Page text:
Approval of Plans and Specifications

    If the cost of the project is more than $100,000, the plans and specifications must be approved by an architect or engineer licensed under IC 25-34. [IC 36-1-12-7]

    Bidder Information

    If the cost of a project is $100,000 or more, the board shall require the bidder to submit a financial statement, a statement of experience, his proposed plan or plans for performing the public work, and the equipment that he has available for the performance of the public work. [IC 36-1-12-4(b)(6)]

    Payment Bond

    IC 36-1-12-13.1 requires a payment bond to be filed with a contract for public work only if the cost exceeds $100,000. The contractor shall execute a payment bond to the appropriate political subdivision or agency, approved by and for the benefit of the political subdivision or agency, in an amount equal to the contract price. The payment bond is binding on the contractor, the subcontractor, and their successors and assigns for the payment of all indebtedness to a person for labor and service performed, material furnished, or services rendered. The payment bond must state that it is for the benefit of the subcontractors, material suppliers, laborers, and those performing services. The payment bond shall be deposited with the board. [IC 36-1-12-13.1]

    Performance Bonds

    For public works contracts of less than two hundred fifty thousand dollars ($250,000), the board may waive the performance bond requirement and accept from a contractor an irrevocable letter of credit for an equivalent amount from an Indiana financial institution instead of a performance bond. [IC 36-1-12-14(h)]

    Actions against a surety on a performance bond must be brought within one year after the date of the board's final settlement with the contractor. [IC 36-1-12-14(g)]

    Filing of Final Record Drawings

    The board must, within sixty (60) days after the completion of the public work project, file in the office of the State Building Commissioner a complete set of final record drawings for the public work project. [IC 36-1-12-11]

    Retainage and Escrow Agreement

    A board that enters into a contract for public work, and a contractor who subcontracts parts of that contract, shall include in their respective contracts provisions for the retainage of portions of payments by the board to contractors, by contractors to subcontractors, and for the payment of subcontractors. Either the board or contractor, or both, shall place the retainage in an escrow account, with a bank, savings and loan institution, or the state as the escrow agent. The escrow agent shall be selected by mutual agreement between board and contractor or subcontractor under a written agreement among the bank or savings and loan institution and: (1) the board and the contractor; or (2) the subcontractor and the contractor. [IC 36-1-12-14(b)]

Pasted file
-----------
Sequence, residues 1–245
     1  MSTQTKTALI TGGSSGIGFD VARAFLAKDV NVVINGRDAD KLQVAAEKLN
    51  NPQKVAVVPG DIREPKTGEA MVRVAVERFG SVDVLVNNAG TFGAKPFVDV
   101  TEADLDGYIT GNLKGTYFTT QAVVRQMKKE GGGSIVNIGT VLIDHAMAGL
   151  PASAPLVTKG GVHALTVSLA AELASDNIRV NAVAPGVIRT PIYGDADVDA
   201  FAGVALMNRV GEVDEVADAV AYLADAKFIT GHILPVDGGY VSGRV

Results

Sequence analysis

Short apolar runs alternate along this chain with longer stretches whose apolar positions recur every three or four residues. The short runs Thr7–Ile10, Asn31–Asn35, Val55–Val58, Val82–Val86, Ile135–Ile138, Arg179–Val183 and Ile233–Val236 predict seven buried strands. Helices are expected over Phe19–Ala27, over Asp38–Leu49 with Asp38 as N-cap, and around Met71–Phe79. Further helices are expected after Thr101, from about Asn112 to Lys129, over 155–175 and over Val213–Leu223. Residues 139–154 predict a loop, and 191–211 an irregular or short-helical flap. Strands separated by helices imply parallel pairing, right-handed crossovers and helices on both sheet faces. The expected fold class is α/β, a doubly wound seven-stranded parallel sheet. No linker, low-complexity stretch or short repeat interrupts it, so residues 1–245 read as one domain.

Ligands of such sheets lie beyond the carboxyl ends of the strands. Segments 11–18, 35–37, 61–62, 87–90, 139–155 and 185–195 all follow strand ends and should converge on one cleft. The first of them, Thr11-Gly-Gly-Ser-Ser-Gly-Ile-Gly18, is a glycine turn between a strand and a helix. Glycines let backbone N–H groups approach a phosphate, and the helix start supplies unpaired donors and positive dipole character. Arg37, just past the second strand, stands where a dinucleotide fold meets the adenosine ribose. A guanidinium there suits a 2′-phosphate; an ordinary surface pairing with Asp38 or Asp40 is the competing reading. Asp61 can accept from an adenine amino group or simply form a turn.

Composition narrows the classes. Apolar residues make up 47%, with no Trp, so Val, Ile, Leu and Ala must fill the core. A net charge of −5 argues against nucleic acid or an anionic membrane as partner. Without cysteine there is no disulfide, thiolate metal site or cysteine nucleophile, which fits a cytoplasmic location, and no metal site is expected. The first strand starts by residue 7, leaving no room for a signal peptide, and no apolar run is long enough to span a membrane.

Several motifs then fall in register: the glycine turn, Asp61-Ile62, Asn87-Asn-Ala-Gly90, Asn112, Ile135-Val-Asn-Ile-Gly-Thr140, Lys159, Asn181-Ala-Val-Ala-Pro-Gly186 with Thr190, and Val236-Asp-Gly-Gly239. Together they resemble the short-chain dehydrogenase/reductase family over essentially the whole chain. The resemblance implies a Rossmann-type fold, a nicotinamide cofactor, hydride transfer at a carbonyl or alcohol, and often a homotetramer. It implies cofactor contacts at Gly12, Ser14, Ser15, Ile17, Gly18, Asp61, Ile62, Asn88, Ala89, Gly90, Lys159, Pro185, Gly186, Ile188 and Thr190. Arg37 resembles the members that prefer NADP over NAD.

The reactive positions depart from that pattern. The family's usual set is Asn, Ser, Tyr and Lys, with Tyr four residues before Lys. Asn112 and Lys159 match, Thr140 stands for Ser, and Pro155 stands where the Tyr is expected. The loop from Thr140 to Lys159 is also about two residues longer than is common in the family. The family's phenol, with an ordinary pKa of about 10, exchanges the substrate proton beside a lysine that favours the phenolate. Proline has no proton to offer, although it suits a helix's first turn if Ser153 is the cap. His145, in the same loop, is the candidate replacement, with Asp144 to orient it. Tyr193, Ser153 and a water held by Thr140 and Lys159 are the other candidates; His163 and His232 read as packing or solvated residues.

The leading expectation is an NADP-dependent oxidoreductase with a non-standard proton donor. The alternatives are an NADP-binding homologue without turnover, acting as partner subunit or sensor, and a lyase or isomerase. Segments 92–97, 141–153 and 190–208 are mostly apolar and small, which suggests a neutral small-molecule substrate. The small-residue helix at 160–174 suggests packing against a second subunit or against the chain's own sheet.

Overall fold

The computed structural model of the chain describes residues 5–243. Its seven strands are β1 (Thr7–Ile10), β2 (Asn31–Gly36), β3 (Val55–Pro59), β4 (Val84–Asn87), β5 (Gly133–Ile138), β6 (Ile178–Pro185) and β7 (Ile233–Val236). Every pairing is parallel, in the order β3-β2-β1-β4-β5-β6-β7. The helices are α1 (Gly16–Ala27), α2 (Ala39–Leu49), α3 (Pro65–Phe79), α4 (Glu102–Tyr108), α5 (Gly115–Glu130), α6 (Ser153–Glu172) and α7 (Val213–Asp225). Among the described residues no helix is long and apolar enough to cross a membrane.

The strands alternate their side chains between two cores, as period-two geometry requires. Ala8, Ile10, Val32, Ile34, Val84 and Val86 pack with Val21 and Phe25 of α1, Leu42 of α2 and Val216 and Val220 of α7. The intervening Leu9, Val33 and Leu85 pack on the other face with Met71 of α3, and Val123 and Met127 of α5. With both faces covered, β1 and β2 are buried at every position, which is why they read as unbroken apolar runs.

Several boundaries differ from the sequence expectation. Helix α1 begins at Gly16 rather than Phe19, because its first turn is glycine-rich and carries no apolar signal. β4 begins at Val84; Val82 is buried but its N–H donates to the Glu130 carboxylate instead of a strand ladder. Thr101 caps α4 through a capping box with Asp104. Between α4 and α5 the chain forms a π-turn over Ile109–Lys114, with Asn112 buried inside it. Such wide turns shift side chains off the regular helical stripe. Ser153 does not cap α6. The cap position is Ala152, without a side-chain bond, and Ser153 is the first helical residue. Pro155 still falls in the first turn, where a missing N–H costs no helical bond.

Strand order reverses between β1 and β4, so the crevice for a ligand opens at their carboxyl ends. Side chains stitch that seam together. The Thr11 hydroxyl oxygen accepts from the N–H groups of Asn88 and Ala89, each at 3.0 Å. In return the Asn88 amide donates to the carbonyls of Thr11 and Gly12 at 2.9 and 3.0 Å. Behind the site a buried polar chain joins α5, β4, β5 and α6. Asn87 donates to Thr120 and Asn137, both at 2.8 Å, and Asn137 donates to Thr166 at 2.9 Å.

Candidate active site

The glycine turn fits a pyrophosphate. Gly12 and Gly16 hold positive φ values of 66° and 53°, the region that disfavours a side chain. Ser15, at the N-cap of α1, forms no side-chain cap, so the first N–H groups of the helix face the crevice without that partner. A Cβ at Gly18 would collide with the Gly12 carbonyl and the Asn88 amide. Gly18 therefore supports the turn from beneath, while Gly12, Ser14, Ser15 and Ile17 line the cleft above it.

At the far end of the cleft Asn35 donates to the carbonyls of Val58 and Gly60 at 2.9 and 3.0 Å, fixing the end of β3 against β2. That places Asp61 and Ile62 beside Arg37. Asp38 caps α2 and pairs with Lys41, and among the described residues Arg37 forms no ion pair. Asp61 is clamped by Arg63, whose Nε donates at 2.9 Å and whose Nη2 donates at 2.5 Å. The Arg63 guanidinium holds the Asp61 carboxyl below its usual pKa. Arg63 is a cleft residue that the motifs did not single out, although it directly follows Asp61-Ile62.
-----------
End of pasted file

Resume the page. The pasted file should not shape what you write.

IC 36-1-12-14(f) provides the board or escrow agent shall pay the contractor within sixty-one (61) days after the date of substantial completion subject to IC 36-1-12-11 and IC 36-1-12-12. Payment by the escrow agent shall include all escrowed principal and escrowed income.

    To determine the amount of retainage to be withheld, the board shall:

    1. Withhold no more than 10% of the dollar value of all work satisfactorily completed until the public work is 50% completed, and nothing further after that; or
    2. Withhold no more than 5% of the dollar value of all work satisfactorily completed until the public work is substantially completed.

    If upon substantial completion of the public work minor items remain uncompleted, an amount equal to 200% of the value of each item as determined by the architect-engineer shall be withheld until the item is completed. [IC 36-1-12-14(c)]

    The escrow agreement must contain the following provisions:

    1. The escrow agent shall invest all escrowed principal in obligations selected by the escrow agent.
    2. The escrow agent shall hold the escrowed principal and income until receipt of notice from the board and the contractor, or the contractor and the subcontractor, specifying the part of the escrowed principal to be released from the escrow and the person to whom that portion is to be released. After receipt of the notice, the escrow agent shall remit the designated part of escrowed principal and the same proportion of then escrowed income to the person specified in the notice.
    3. The escrow agent shall be compensated for his services, to be paid from the escrowed income.